Military mom gets Christmas suprise: her whole family home

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Neil Johnson
December 21, 2013

JANESVILLE—Janesville military mom Patti Zahn was so surprised Saturday evening that she could only muster a squeak. Then she cried.

Under bright holiday lights that hung from trees and bushes at the wooden pond overlook at Janesville's Rotary Botanical Gardens, Zahn's two adult children, Tyler Mason and Amber Nowicki, her son-in-law, Brandon Nowicki, and her three grandchildren came walking out one by one. Zahn couldn't decide whom to hug first.

It was the first time in seven years since Zahn has had her children in one place, at one time for Christmas.

Zahn wasn't expecting the Christmas surprise, but it was what she had hoped for. Her son Tyler, 24, a U.S. Marine working dog handler, has been stationed with his daughter, Danielle, 4, in Okinawa, Japan, for more than two years. Tyler has been a Marine since he was 18.

Amber, 25, and her husband, Brandon, who is a member of the U.S. Coast Guard, live with their children, Alexander, 5, and Mariah, 2, in Somers Point, N.J. They have traveled for deployments all over the country for several years.

Zahn told Amber in passing this fall that she dreamed of having everyone—all the kids and grandkids—together at Christmas. It would be the first time it happened since Tyler and Amber were in high school and living in Orfordville. That was before Tyler and Amber began living military lives of deployments, moves and long periods away from family.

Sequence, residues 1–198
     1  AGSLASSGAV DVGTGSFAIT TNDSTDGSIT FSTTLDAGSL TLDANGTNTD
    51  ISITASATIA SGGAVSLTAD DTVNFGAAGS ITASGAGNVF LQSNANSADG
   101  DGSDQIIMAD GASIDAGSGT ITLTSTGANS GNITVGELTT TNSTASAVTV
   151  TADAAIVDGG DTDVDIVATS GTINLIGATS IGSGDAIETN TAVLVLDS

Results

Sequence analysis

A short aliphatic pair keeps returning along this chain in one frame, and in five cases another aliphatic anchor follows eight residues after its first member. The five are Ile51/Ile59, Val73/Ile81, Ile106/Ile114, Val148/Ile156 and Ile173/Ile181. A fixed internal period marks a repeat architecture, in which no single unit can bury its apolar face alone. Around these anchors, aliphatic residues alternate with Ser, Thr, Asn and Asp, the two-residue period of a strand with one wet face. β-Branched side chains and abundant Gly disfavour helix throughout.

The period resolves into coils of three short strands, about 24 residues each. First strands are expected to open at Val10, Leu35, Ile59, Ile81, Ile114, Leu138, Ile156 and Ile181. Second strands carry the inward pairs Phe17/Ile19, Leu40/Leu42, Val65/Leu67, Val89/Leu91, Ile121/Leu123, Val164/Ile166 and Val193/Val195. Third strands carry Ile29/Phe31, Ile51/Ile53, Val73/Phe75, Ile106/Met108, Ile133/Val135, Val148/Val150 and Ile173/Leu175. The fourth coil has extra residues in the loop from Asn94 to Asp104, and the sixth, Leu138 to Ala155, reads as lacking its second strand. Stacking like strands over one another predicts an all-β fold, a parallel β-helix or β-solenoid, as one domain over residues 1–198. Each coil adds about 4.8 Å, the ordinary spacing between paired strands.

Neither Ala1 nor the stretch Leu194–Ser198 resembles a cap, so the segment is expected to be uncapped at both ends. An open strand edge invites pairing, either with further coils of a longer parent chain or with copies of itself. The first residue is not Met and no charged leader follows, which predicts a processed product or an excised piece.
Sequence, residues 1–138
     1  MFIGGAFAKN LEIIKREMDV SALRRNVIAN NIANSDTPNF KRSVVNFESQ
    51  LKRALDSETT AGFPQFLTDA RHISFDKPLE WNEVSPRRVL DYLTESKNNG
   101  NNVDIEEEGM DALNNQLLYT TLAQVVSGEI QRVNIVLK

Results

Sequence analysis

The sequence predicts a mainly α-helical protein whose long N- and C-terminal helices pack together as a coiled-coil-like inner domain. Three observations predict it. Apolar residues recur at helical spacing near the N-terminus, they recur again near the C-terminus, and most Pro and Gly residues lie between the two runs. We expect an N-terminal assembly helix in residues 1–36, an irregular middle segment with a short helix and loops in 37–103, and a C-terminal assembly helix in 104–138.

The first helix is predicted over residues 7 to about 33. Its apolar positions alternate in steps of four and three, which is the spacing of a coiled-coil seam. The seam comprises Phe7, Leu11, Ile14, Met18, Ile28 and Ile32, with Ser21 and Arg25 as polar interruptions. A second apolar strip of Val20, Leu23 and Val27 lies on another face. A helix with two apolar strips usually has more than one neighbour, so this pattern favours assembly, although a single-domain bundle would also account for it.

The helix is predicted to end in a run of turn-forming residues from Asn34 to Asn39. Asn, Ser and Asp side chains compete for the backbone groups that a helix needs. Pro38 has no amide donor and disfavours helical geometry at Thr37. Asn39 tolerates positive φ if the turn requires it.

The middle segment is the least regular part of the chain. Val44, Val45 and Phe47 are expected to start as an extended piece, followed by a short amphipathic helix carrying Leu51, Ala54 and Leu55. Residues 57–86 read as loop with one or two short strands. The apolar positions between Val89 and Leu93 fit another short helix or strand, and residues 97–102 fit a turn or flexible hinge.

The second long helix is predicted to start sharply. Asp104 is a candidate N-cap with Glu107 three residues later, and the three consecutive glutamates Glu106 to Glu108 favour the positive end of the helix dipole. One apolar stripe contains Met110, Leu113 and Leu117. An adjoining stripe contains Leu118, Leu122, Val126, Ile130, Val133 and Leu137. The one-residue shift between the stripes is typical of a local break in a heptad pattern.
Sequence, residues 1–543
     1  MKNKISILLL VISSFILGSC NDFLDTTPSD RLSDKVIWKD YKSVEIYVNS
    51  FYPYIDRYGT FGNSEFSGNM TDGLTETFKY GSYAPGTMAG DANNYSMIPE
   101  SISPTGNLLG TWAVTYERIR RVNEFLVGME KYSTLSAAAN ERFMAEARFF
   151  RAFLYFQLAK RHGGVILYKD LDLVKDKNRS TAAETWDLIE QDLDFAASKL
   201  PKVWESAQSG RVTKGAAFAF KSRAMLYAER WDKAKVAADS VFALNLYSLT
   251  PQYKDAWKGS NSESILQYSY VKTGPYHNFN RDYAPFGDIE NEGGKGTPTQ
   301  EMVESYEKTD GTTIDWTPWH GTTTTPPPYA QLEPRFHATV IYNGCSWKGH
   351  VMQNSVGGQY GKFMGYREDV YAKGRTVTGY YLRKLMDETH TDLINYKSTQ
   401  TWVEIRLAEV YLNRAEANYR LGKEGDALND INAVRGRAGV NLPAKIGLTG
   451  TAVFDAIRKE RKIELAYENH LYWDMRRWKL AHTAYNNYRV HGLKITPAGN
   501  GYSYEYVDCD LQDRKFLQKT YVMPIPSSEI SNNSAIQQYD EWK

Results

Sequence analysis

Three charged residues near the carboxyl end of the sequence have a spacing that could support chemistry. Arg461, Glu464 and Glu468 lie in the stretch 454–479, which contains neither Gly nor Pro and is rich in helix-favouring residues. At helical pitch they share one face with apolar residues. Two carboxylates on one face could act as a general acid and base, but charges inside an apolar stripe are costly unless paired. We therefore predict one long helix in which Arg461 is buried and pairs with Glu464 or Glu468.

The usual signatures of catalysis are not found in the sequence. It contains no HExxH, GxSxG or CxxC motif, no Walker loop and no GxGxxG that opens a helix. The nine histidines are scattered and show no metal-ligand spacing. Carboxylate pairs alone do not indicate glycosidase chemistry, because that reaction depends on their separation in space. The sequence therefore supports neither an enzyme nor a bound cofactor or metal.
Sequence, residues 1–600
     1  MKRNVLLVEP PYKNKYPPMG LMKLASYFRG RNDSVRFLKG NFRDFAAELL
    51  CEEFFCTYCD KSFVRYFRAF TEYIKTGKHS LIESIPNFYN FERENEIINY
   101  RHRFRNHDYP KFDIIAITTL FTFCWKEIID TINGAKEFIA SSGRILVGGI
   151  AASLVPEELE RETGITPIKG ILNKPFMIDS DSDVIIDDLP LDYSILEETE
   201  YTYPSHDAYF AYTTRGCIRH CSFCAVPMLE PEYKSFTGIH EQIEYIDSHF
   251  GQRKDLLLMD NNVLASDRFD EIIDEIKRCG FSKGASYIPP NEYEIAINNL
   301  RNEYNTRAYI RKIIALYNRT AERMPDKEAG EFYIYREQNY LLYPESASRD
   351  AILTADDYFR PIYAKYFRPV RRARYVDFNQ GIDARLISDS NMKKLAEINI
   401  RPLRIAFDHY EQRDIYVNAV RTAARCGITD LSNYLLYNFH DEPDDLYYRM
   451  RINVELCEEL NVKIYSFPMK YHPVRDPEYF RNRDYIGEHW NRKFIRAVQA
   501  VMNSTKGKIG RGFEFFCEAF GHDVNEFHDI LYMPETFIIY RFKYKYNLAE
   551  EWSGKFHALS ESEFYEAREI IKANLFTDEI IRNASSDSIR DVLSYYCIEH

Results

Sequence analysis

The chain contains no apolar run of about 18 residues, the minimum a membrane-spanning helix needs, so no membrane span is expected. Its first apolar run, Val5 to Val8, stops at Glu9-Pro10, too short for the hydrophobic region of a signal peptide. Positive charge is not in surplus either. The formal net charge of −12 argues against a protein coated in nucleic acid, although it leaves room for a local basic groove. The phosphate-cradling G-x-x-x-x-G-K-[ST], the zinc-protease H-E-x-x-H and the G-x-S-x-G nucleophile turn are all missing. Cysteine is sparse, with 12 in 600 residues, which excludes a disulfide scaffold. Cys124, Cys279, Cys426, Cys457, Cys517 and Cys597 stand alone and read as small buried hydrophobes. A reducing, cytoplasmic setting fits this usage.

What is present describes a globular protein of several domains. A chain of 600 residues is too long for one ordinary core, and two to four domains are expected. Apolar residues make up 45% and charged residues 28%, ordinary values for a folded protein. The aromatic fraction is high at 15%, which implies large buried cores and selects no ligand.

“We never grew up military. The life, the way it works, it's still baffling for my mom (Patti). It's still very new for her,” Amber said. “Time doesn't stop. You see that. You blink your eyes and a baby you haven't seen in year is running around talking in full sentences.” 

Patti had an inkling that her kids would be home for the holidays at some point this year. Their plan Saturday was to surprise their mom with a grand reunion; they wanted to see the look on her face when the whole family came parading out.

“Seeing all her kids and grandkids together with her for the first time, it's been way too long for this to happen,” Tyler said.

Amber said she and Tyler chose to stage the reunion outside at the Rotary Gardens because of the gardens' holiday light show, which features thousands of lights hanging from trees and bushes and decorating the snowy paths. It would be a great spot for a Christmas family portrait.

The whole family wasn't supposed to even be in town for a few more days, but they fudged about their arrival time to keep Patti guessing and to surprise her.

Amber came up with a clever ruse to trick Patti. The Rotary Gardens staff, which helped plan the surprise, concocted a phony health emergency. They called Patti and told her that her sister, Debbie Von Rotz, was at the Rotary Gardens and was in serious pain with a kidney stone.

Debbie actually was at Rotary Gardens to witness the family's reunion, but her kidneys weren't acting up. 

When Patti showed up, she was immediately concerned for Debbie and her fake health problem. But then her children and their children came parading out. It was clear this wasn't about kidneys.

Instead, she got huge hugs and a full family portrait with the shining pond at the Rotary Gardens as a backdrop.

While Patti beamed with happiness and shook with surprise, a photographer, and two news reporters captured the moment. Her grandchildren ran in circles around a TV news camera.

“I'm elated. I'm humming with joy,” Patti said.

Her Christmas wish now a reality, Patti immediately began planning the rest of the holidays.

“I just want to sit in a room for hours and hours and talk with all of them,” she said. “And I need to make them a big meal to fatten them up. They're too thin.”

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